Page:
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Beef produces 85 kg CO2e per kg of food. Tofu produces 2.9 kg CO2e per kg of food.
  • they take a myopic view of the inputs and outputs for food sources, not considering, for instance, that much of what is fed to animals would otherwise be wasted. the beef doesn't produce all that CO2, poore & nemecek were calculating all the co2 that goes into the inputs. i mentioned elsewhere cottonseed, but frankly i know that only takes up a minute portion of what they're calculating. instead, they are also counting soy, and that's almost as dishonest as you can get. nearly all soy is pressed for oil, and after that, the waste product is what is fed to cattle and other livestock. technically, you could eat it, but most people don't and don't want to. feeding it to livestock actually reclaims waste products. and even the calculation for the soy itself is skewed since it often also counts the deforestation that has already taken place as an emission source, regardless of whether that particular plot of land has been deforested for decades.

  • Beef produces 85 kg CO2e per kg of food. Tofu produces 2.9 kg CO2e per kg of food.
  • as just one facet, they count everything fed to beef, including cottonseed, when calculating the inputs. but cotton isn't grown for cottonseed. if we didn't feed a large portion of our annual cottonseed to livestock, it would just be wasted. vegans will tell you that the return is only 1/10 of the input, but that's a lot better than 0/10.

  • Beef produces 85 kg CO2e per kg of food. Tofu produces 2.9 kg CO2e per kg of food.
  • the paper tries to quantify all the inputs and outputs for foods, but it fails to actually calculate either the actualy outputs (like non-food animal products), or the actual costs of the inputs (many of which would be waste products)

    if you total all the inputs that go into a product (the water, the carbon emissions, the land use, etc), then you can see what it would cost to produce it if you made no other products. but that's not actually the environment in which meat dairy and eggs are produced.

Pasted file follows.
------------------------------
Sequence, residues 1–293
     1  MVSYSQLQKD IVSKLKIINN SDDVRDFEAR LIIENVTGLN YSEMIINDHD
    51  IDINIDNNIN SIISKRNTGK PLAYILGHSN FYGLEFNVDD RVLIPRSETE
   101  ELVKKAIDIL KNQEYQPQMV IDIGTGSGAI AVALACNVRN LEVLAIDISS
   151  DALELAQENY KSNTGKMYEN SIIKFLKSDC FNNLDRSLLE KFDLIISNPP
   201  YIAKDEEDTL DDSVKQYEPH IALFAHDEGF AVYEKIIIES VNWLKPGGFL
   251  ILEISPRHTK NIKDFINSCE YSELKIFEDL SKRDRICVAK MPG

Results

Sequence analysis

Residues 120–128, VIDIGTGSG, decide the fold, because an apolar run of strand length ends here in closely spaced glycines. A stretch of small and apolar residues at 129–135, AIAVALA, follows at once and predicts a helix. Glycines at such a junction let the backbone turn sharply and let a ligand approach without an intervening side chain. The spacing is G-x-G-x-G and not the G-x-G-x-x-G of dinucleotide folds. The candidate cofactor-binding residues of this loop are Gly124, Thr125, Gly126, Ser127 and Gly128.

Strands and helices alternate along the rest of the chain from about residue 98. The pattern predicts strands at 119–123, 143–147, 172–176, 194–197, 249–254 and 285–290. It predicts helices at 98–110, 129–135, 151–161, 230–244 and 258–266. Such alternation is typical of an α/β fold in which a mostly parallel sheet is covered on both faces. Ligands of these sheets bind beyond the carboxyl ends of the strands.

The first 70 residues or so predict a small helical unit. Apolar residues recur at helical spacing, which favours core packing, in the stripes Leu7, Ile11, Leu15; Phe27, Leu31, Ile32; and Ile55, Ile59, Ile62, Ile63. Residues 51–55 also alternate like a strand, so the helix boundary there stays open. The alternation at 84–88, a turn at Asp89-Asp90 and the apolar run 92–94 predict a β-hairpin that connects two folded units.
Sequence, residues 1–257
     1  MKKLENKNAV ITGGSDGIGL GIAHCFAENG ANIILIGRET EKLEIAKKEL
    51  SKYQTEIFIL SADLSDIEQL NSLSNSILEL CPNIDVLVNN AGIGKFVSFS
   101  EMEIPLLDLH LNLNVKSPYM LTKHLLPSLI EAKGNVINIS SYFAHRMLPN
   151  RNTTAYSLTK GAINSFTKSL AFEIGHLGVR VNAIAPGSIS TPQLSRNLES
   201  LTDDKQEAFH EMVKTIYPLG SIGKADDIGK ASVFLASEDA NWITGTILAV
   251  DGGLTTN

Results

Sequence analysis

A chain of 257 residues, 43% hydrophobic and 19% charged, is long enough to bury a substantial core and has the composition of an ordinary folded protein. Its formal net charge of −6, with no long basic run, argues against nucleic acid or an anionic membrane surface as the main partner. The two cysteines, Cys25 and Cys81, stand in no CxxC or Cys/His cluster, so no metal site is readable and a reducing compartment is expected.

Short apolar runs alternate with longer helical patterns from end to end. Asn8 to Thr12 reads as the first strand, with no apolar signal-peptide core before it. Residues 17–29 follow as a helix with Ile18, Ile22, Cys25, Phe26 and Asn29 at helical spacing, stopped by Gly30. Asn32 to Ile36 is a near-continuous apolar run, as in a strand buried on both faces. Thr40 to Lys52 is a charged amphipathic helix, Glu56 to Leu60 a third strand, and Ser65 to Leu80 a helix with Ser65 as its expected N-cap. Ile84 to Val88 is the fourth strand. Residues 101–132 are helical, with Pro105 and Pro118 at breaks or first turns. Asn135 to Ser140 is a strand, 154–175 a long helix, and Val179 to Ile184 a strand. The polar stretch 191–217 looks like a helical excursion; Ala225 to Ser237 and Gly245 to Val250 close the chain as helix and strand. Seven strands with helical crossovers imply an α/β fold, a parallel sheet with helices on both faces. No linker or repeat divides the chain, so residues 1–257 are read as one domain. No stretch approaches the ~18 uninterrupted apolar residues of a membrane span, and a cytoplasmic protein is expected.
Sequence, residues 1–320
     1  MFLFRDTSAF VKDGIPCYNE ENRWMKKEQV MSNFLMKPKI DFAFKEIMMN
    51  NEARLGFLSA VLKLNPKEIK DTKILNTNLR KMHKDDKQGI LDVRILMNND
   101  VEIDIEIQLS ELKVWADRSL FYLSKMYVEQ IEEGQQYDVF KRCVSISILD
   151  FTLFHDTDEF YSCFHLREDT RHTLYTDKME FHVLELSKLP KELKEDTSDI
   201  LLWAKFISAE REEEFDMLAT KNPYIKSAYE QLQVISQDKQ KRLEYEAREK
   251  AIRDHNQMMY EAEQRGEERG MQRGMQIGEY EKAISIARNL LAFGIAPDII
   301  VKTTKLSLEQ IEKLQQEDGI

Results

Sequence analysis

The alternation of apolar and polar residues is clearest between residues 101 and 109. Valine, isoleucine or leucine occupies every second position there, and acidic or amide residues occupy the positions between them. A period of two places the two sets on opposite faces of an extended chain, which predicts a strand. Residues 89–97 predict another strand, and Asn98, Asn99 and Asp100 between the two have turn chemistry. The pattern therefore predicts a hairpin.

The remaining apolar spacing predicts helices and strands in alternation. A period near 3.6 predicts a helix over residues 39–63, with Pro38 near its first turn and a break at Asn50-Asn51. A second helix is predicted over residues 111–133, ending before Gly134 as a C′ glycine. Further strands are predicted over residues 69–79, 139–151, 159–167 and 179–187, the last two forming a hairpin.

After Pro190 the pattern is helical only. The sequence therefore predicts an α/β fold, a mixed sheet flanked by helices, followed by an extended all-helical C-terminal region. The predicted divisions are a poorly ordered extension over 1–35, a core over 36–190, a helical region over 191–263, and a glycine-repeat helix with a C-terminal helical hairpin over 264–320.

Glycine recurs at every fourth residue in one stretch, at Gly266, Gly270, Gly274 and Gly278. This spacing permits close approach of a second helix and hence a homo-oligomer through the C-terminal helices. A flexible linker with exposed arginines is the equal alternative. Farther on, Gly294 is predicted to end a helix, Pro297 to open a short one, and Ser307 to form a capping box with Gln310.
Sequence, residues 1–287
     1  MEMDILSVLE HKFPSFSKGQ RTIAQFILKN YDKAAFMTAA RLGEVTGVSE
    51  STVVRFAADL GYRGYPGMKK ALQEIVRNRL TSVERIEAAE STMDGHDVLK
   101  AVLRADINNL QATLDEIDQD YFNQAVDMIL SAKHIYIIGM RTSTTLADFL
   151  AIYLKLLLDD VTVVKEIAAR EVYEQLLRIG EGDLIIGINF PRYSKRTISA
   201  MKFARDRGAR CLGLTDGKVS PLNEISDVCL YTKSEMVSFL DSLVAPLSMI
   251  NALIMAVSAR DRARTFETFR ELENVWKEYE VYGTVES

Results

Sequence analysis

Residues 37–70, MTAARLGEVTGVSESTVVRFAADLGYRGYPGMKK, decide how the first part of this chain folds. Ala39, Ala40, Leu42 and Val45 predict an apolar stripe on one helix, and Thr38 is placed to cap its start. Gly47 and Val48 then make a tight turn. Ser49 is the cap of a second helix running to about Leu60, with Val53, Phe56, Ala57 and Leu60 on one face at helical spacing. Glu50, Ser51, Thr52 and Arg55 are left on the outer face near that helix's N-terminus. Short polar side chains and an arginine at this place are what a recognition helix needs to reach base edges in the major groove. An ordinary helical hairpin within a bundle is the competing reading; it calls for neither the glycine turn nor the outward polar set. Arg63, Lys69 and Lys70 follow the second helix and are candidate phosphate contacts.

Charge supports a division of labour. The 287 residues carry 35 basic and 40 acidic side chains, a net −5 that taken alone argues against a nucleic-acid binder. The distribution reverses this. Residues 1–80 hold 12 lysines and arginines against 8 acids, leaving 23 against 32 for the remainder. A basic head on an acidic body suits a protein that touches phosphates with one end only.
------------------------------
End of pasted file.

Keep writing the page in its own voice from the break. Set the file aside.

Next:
the most illustrative example is cotton. cotton is not a food. it is grown for textiles. it wrecks the soil and it is THIRSTY. after you harvest the cotton and separate the fiber from the stalk and seed, you have seed left over. way more seed than you need to replant. cottonseed can be and is pressed for oil, but it takes much less processing to mix it into cattle fodder. why should the water used to grow cotton count against the water inputs for beef and milk? it's actually a conservation of resources. these industries are all interconnected, and trying to just put a singular value on every product in the absence of the context of its production is not actually useful in determining what would be ecologically responsible.

  • A Demographic Time Bomb Is About to Hit the Beef Industry
  • according to some, but kant never went in for it. the strongest attempt to marry them seems to be from korsgaard, but howe treated her argument pretty roughly in "why kant animals have rights" (2019)